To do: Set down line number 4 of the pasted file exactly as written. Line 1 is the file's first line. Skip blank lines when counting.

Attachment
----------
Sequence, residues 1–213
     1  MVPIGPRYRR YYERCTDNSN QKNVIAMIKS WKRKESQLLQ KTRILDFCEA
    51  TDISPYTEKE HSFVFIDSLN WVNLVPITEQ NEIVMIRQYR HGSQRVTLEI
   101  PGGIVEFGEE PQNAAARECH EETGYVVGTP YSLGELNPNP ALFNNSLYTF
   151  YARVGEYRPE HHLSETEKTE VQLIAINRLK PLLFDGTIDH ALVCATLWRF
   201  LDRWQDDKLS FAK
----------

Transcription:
   101  PGGIVEFGEE PQNAAARECH EETGYVVGTP YSLGELNPNP ALFNNSLYTF